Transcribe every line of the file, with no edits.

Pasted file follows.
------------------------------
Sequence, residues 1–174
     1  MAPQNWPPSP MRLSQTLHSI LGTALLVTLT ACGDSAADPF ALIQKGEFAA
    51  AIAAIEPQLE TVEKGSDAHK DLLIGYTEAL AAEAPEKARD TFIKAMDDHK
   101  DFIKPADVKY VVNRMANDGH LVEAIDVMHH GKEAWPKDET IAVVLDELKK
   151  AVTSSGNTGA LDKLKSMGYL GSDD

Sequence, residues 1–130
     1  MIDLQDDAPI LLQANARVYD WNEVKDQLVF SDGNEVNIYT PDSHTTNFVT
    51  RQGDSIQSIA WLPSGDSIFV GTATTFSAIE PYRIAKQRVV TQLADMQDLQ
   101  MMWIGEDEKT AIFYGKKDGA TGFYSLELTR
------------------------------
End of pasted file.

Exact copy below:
Sequence, residues 1–174
     1  MAPQNWPPSP MRLSQTLHSI LGTALLVTLT ACGDSAADPF ALIQKGEFAA
    51  AIAAIEPQLE TVEKGSDAHK DLLIGYTEAL AAEAPEKARD TFIKAMDDHK
   101  DFIKPADVKY VVNRMANDGH LVEAIDVMHH GKEAWPKDET IAVVLDELKK
   151  AVTSSGNTGA LDKLKSMGYL GSDD

Sequence, residues 1–130
     1  MIDLQDDAPI LLQANARVYD WNEVKDQLVF SDGNEVNIYT PDSHTTNFVT
    51  RQGDSIQSIA WLPSGDSIFV GTATTFSAIE PYRIAKQRVV TQLADMQDLQ
   101  MMWIGEDEKT AIFYGKKDGA TGFYSLELTR